For Cha, who traveled to Pyongyang in 2006 as a member of the National Security Council, the announcement signals a transition still in flux. "It's a relative term when you say 'normal' in North Korea, but this is not business as usual, very clearly."
By Jill Dougherty
Log on to the Korean Central News Agency's state-run website and you'll find a concise explanation of what North Korea's launch of an Unha-3 long-range missile is all about: It's not about the missile, it's about the satellite sitting on top of that missile.
"Kwangmyongsong-3, which is to be launched under the DPRK government's policy on space development for peaceful purposes, is an earth observation satellite for collecting data essential for the country's economic development," the agency says.
For the United States, and most other countries, it's very much about the missile. Missiles can be used innocuously to launch peaceful satellites - and they can be used to deliver nuclear, biological or chemical weapons. As the National Security Council's Tommy Vietor quipped Wednesday: "North Korea doesn't need to spend this kind of money on a weather satellite. Go to weather.com."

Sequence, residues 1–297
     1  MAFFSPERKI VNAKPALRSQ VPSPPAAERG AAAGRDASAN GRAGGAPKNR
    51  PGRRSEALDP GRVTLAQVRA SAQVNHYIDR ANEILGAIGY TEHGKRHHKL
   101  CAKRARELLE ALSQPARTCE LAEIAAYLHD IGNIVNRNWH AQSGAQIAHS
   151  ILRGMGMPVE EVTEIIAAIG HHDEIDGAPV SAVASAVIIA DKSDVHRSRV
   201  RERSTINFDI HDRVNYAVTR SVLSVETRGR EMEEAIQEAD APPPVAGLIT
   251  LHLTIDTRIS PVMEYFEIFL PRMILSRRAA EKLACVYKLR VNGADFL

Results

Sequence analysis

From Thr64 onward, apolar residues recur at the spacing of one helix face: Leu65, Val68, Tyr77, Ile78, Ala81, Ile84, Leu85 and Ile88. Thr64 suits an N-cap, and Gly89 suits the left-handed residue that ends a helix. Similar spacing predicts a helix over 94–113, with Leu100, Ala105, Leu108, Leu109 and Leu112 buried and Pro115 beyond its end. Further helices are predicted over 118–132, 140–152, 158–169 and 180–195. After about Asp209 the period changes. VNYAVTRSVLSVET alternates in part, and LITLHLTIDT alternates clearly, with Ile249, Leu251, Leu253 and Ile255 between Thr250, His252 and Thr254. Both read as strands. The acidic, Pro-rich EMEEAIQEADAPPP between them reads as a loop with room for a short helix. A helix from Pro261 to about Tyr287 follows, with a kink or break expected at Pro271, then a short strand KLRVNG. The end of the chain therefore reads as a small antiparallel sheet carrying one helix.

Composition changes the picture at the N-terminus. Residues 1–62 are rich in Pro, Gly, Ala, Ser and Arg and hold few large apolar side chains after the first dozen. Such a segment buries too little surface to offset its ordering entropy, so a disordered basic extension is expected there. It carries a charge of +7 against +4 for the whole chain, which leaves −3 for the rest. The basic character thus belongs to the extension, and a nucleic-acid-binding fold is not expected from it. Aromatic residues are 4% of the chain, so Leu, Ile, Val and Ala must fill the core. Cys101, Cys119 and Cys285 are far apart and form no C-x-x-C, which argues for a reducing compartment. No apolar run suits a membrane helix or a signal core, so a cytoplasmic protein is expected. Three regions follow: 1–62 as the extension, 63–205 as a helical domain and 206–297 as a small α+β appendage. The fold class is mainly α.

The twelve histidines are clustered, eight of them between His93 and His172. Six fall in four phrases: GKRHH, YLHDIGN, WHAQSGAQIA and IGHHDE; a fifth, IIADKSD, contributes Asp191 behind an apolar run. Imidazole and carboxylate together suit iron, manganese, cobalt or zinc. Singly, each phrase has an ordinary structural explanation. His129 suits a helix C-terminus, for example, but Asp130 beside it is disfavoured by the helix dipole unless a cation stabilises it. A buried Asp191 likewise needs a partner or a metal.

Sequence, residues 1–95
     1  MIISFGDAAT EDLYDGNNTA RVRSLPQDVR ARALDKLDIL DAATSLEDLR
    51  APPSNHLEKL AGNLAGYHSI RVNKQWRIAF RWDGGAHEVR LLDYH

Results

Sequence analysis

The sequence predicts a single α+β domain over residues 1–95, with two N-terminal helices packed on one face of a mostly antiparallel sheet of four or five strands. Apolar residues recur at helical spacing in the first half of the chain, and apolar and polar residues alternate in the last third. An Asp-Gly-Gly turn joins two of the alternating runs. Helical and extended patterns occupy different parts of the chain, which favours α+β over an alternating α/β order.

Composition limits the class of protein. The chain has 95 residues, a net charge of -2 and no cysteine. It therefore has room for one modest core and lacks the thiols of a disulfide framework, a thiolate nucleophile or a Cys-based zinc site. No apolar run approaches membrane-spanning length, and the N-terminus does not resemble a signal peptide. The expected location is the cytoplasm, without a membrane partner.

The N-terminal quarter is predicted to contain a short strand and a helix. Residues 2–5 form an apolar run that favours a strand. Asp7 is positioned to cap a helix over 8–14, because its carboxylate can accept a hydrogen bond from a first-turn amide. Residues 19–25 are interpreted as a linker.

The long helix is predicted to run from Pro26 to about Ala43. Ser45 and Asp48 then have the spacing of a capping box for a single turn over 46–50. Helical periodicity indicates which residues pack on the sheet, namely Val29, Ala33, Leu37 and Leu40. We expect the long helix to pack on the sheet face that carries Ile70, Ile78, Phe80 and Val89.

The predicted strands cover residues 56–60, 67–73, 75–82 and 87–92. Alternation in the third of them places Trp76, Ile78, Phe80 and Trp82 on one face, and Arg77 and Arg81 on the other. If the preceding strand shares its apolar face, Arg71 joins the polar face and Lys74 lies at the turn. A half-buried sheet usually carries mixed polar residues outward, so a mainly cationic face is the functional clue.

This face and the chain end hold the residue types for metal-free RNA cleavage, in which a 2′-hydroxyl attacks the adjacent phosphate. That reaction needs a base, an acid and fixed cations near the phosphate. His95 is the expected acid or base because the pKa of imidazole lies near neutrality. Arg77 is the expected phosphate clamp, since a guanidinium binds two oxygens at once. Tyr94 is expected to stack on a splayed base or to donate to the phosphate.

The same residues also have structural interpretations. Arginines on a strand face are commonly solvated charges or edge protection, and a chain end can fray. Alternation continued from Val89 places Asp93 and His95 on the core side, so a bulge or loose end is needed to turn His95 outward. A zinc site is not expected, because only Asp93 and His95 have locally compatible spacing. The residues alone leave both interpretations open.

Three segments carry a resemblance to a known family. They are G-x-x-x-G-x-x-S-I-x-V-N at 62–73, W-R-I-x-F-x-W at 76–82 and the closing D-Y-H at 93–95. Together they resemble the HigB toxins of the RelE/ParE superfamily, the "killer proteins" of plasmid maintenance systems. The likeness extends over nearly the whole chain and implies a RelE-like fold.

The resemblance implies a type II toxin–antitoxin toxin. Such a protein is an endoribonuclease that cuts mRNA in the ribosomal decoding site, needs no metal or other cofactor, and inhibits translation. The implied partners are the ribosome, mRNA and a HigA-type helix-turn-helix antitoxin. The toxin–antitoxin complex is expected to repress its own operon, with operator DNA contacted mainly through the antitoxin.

By Elise Labott
It's what administration officials refer to as the North Korean "two-step," in which one daring act by Pyongyang is followed by another. This time, Washington and its allies are expecting North Korea to conduct a third nuclear bomb test shortly after the launch.
In April 2009, North Korea followed up a long-range missile test with a nuclear test. Then, after North Korea sunk the South Korean navy warship Cheonan in March 2010, it topped itself later that year by shelling South Korea's Yeonpyeong Island in the Yellow Sea off the countries' west coast.
By Adam Levine
With North Korea's anticipated launch of a satellite-topped long-range missile set for within the next two weeks, more activity should soon be evident from the satellite images being collected from the skies above.
The expected launch is meant to commemorate what would have been the the 100th birthday of Kim Il Sung , who founded communist North Korea and is grandfather to current leader, Kim Jong Un. The regime informed the International Maritime Organisation that the satellite will be launched between April 12 and April 16.
Some activity has already been seen in commercial imagery made available of the Tongchang-dong Space Launch Center, although the latest image showed no sign of the actual rocket. FULL POST
by Adam Levine
The North Korean government's efforts to craft an image for new leader Kim Jong Un is an endless source of fascination.